The lesson of Little Boy

The lesson of Little Boy

On Tuesday, August 6, Japan observed the 68th anniversary of the moment when “Little Boy” dropped out of the skies from the bomber bay of a B-29 dubbed the Enola Gay onto the unsuspecting city of Hiroshima. Today, Friday, August 9, is the 68th anniversary of the morning when “Fat Man” dropped out of Bockscar onto the city of Nagasaki.

Despite their nicknames, there was nothing frivolous about either bomb. They were the world’s first two atomic weapons unleashed on a “live target,” and they killed nearly 250,000 people – at least half of them within seconds of their mushroom-clouded moments of impact. Fortunately, from that day until this, they also are the only two nuclear devices ever unleashed against live targets.

The thinking behind creating and then using such weapons of mass destruction was that once the world realized their horrific possibilities, war would never again be an option.

Instead, we live in fear of “dirty bombs” that can be carried in briefcases; of clothing that can be soaked in liquids that become explosive when dry (supposedly just developed for al Qaeda in Yemen); of pocket-sized laser pens aimed from the ground that can cause jet liners to crash by blinding their pilots.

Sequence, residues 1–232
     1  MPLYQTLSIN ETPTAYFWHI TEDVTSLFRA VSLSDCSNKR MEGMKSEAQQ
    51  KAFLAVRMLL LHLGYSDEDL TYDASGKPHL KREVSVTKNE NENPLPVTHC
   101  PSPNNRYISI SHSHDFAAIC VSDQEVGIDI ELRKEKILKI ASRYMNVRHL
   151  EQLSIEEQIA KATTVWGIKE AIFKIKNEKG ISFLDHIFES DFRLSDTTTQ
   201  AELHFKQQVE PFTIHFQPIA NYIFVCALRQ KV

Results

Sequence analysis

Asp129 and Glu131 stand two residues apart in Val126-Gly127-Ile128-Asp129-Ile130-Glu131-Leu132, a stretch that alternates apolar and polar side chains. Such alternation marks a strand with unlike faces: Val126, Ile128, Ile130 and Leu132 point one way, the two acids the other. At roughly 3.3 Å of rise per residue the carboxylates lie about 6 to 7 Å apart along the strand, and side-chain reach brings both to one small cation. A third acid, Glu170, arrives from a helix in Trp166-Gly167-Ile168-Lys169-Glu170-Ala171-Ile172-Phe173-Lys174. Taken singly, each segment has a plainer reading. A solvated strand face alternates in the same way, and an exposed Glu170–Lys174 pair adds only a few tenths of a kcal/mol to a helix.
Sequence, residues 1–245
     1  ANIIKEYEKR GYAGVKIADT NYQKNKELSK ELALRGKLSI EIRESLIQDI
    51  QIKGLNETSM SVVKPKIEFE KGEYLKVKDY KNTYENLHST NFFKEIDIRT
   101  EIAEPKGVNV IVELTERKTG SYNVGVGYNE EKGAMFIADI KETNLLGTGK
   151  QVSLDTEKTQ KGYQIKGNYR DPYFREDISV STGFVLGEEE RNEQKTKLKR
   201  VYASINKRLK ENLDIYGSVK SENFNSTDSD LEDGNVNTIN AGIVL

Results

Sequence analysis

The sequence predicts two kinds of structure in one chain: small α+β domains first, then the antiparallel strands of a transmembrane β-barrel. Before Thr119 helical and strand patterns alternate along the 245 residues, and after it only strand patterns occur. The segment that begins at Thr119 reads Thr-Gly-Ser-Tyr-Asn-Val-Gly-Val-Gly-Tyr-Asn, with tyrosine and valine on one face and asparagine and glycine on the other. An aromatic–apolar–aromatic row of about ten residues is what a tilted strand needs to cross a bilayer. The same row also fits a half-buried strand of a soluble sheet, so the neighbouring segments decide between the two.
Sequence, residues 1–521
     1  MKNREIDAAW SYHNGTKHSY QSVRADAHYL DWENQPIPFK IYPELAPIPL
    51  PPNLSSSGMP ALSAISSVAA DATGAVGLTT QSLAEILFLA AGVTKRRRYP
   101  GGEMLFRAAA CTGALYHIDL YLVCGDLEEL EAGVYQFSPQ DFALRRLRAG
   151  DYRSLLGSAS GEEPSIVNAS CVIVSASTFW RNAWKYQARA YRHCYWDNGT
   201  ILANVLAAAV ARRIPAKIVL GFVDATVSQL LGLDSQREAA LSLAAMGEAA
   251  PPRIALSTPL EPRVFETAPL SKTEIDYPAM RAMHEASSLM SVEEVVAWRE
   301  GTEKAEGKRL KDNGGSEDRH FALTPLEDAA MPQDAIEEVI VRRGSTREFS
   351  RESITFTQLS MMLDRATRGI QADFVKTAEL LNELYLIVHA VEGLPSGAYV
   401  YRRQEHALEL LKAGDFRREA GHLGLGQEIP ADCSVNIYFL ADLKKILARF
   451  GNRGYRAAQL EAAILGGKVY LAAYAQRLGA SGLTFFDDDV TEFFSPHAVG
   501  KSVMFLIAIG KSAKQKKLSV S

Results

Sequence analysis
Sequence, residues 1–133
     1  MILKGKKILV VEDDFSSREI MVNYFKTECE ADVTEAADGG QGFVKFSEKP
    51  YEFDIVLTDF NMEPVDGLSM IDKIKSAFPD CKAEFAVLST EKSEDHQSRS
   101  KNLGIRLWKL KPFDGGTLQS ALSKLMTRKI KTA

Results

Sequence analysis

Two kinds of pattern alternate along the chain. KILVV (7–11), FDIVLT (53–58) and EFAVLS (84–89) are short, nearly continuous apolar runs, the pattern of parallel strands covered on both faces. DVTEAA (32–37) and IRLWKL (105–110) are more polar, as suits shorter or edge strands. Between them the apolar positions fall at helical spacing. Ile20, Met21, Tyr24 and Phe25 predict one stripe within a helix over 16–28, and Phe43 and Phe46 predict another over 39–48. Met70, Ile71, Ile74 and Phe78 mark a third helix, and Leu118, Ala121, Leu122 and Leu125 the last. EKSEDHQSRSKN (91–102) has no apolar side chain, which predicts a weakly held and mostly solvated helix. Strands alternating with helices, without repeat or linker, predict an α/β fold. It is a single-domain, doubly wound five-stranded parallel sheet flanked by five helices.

Nuclear weapons can serve as deterrents. No one doubts that. That is why the United States built up its nuclear arsenal. And we recall the dark humor of Tom Lehrer in his song Who’s Next: “Israel’s getting tense, wants one in self-defense. ‘The Lord’s our shepherd,’ says the psalm, but just in case, we better get a bomb.'”

Not everyone, however, sees nuclear weapons as for deterrence only. Iran’s nuclear program remains a serious concern, and one we are not convinced is being taken seriously enough now that Mahmoud Ahmadinejad is no longer its president. North Korea’s motives for building a nuclear arsenal are also of great concern, especially because it has no qualms about sharing its arsenal with terrorists and rogue states.

It is 68 years since August 6, 1945; 68 years after the world first arrived at the brink of nuclear annihilation. If we want it never to fall off that cliff, we must be more aggressive in keeping those who might use WMDs from ever getting them.